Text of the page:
Southern Company is the largest producer of electricity in the Southeast, and the parent company of Georgia Power.
At its annual stockholders’ meeting Tom Fanning, its president, CEO and chairman spoke about his confidence in the business’s future and answered nearly three hours of questions from shareholders.
Fanning also highlighted the company’s different subsidiaries’ responses to the hurricanes along the Gulf Coast this past year, saying that what was possible to restore, was restored in three days and rebuild the rest in 13 days.
He called Southern Company the best performer in its industry this year.
“Even over 20 years, we’ve been killing it,” he said, referring to Southern Company’s long-term outperformance of the Philadelphia Utility Sector Index and the S&P 500. Fanning attributed some of that success to “our performance on Plant Vogtle.”
Vogtle is the nuclear power plan Georgia Power is expanding in Waynesboro. “It’s the last project standing building new nuclear in America in a generation of Americans,” Fanning reminded the audience.
It’s important to note that unlike a traditional company, Georgia Power, as a regulated utility, has an allowed profit margin set by its regulator, the Public Service Commission.
Therefore, the company can earn more profit when it spends more on big capital projects like Vogtle, because it is able to collect more revenue to cover those costs, thereby expanding its profit number.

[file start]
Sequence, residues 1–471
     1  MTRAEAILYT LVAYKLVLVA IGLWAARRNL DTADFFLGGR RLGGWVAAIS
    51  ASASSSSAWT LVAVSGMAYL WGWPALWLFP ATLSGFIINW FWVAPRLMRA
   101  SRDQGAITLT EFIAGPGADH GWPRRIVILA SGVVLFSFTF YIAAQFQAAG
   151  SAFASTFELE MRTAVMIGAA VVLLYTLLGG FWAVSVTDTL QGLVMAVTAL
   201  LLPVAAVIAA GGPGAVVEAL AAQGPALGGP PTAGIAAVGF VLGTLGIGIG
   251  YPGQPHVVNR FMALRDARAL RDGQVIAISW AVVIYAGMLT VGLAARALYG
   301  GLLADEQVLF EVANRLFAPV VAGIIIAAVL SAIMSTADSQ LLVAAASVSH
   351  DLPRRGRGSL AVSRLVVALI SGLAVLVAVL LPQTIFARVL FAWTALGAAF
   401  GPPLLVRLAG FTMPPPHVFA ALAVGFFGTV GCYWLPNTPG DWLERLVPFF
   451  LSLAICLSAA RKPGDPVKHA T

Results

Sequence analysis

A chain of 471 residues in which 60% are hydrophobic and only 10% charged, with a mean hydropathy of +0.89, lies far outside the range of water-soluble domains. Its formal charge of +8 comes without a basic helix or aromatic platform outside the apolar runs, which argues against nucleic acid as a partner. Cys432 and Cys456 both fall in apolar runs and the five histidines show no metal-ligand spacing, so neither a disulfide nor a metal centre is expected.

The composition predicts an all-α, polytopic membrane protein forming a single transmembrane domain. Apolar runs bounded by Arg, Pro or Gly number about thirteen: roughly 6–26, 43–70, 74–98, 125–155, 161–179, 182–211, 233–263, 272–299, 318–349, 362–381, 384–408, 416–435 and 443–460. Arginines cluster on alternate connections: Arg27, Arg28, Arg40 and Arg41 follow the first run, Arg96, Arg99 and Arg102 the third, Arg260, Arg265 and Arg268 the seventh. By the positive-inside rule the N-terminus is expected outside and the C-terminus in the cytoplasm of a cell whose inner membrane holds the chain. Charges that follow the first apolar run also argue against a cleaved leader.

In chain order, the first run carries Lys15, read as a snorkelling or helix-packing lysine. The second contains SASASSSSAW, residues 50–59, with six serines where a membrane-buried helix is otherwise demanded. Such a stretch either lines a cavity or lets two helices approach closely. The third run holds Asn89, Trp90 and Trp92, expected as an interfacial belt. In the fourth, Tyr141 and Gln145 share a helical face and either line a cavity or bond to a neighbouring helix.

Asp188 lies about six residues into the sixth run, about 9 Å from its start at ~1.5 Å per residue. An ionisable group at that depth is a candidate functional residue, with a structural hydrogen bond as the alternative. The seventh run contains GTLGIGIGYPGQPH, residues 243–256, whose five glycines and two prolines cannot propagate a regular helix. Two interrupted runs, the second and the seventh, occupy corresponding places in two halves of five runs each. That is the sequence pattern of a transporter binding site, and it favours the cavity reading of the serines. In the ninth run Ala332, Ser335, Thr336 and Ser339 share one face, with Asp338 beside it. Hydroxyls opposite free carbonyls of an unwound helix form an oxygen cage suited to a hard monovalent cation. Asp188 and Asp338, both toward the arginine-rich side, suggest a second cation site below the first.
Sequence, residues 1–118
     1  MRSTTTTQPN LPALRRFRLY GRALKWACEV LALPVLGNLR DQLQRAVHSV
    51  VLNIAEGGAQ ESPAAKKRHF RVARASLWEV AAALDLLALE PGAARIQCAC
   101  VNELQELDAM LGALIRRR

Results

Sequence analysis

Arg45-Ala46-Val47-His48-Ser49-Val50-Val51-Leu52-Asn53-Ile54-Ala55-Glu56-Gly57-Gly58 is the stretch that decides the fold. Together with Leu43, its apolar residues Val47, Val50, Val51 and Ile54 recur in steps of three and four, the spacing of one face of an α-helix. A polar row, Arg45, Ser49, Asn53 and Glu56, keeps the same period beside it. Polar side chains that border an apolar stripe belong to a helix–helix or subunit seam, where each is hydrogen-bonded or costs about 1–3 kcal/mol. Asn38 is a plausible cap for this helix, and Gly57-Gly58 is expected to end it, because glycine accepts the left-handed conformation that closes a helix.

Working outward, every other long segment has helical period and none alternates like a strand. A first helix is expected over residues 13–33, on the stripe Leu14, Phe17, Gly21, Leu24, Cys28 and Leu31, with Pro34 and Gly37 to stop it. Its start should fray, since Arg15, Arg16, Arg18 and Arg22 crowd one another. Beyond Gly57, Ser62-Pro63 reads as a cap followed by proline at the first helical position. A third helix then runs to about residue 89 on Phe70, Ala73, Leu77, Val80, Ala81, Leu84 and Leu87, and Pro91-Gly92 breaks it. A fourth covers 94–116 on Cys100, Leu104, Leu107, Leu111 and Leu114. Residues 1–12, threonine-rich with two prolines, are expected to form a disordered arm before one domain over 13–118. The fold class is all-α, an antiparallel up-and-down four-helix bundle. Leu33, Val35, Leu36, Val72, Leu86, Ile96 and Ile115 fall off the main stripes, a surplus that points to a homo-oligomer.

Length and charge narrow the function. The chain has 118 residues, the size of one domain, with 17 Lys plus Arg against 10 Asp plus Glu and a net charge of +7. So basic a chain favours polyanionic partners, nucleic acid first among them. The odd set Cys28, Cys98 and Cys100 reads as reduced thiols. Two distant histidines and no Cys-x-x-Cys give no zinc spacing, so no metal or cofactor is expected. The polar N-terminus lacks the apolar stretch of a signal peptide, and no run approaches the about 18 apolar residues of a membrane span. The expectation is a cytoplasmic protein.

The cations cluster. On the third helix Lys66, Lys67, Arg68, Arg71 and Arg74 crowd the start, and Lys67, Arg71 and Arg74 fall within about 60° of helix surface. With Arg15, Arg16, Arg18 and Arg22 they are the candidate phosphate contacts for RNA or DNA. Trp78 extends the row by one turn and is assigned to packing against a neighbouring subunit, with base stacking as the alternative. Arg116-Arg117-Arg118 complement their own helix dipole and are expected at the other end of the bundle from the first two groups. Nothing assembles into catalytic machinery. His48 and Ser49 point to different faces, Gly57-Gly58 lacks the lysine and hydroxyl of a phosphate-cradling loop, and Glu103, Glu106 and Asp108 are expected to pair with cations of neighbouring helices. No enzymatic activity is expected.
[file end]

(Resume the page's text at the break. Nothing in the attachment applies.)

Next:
Despite many negative headlines related to Vogtle in past years, including more than doubling over its original budget, a surprise extra billion dollars in cost overruns last summer, and delays (the project was supposed to be done by 2017), Fanning touted some more recent successes.
That includes an additional federal loan guarantee publicized in March, which upped the federal government’s commitment to $12 billion. It also includes a recent rebaselining evaluation that reaffirmed the company’s existing schedule and budget.
Many questions from shareholders centered on Southern Company’s goal to move to “low- to- no” carbon emissions by 2050, and how exactly it would accomplish that.
Though Georgia Power, Southern’s largest utility did not prioritize that goal in its recent integrated resource planning process, Fanning confirmed that it is a priority. But one, he said, that cannot be accomplished with existing technology.
Hear more in WABE’s interview full interview with Fanning.